Recently a casting director said if you don't live in NY/LA, you're wasting your money and time going to a convention.

To add to that, if you do live in NY/LA, why do you need to go to a convention? The casting directors are in your city. Visit them.

If she is in Canada, is she in the Canadian equivalent, e.g. "Hollywood North"?

Is this the best timing for her to be discovered? If she waits a year and develops her talent, will her chances be better?

If she goes now and spends everything, will she be able to afford to go next year when her skills and chances are higher?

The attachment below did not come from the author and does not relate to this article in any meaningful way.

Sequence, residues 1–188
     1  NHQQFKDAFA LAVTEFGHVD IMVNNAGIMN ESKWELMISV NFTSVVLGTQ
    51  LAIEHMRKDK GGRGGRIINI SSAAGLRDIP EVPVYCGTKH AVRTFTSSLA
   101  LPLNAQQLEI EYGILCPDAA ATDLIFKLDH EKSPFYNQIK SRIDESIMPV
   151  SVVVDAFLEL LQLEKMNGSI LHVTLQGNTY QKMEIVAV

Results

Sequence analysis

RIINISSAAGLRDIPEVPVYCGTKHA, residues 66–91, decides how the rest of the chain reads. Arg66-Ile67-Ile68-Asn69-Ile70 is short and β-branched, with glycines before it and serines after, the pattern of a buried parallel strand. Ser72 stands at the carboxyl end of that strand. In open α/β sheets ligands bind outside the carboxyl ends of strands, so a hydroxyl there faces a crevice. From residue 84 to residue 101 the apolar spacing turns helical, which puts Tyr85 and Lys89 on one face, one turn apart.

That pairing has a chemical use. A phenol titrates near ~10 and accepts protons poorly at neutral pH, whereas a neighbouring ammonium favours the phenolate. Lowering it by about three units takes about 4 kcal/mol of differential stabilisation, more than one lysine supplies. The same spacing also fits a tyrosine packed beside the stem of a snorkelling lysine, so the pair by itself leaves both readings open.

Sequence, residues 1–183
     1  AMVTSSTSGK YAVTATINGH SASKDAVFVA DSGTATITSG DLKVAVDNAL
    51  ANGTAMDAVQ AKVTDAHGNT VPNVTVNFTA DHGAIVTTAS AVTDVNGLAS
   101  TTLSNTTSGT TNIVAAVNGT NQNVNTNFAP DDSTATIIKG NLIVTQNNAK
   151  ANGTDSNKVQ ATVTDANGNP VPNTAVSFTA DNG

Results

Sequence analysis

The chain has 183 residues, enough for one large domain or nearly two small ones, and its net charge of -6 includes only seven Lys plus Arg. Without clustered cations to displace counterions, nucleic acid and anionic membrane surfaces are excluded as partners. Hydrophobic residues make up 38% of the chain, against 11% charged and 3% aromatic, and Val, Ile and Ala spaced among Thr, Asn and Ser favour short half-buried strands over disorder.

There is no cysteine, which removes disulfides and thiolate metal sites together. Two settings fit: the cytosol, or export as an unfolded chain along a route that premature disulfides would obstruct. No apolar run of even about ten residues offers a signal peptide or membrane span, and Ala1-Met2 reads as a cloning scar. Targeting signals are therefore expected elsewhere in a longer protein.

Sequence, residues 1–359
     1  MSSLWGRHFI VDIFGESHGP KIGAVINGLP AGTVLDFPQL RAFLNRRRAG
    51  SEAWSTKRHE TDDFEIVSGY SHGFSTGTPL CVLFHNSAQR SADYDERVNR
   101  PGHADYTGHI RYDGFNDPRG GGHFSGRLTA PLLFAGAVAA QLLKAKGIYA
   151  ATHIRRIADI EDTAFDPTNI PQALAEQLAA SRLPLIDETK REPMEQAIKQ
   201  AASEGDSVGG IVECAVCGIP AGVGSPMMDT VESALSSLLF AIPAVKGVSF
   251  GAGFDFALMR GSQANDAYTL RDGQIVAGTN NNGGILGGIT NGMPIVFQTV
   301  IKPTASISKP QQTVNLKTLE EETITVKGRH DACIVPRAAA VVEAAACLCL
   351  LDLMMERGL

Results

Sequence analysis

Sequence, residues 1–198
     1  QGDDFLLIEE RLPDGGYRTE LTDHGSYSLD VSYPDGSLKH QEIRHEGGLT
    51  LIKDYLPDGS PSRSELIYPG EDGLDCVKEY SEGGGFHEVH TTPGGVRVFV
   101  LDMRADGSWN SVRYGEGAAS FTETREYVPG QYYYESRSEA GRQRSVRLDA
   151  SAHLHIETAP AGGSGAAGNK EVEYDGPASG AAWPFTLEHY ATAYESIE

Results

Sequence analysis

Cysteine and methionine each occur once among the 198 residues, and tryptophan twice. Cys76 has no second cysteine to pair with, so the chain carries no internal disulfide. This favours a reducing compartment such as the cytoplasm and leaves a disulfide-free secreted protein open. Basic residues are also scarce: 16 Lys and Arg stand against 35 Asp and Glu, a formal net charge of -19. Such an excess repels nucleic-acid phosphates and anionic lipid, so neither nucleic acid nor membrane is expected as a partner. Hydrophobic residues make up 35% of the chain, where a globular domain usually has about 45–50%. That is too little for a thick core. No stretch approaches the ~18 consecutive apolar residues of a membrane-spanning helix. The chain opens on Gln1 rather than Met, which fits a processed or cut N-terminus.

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Thanks for your quick reply.

The convention is being held in two weeks, but they (the modelling agency) wanted a commitment by October 29; hence my urgent concern (I have just found out about all this).

I have passed this email on to her and she is willing to check out the points you have raised.

She has been doing theatre for a few years, but has not had much luck with the casting director in our city. Mind you, there aren't a lot of tv/movies/commercials being filmed here.

I know in the end it's her decision, but I wanted it to be an informed one. I'd hate to see her lose all her money if it is not reputable.

Do you know if modelling agencies get kickbacks from these sorts of events? This one agency is trying to get as many people to go as possible. They have a fairly large contingent at each of these.

I also have concerns because on the agency's website it said last year it was CDN $2,100, and this year it's $500 more.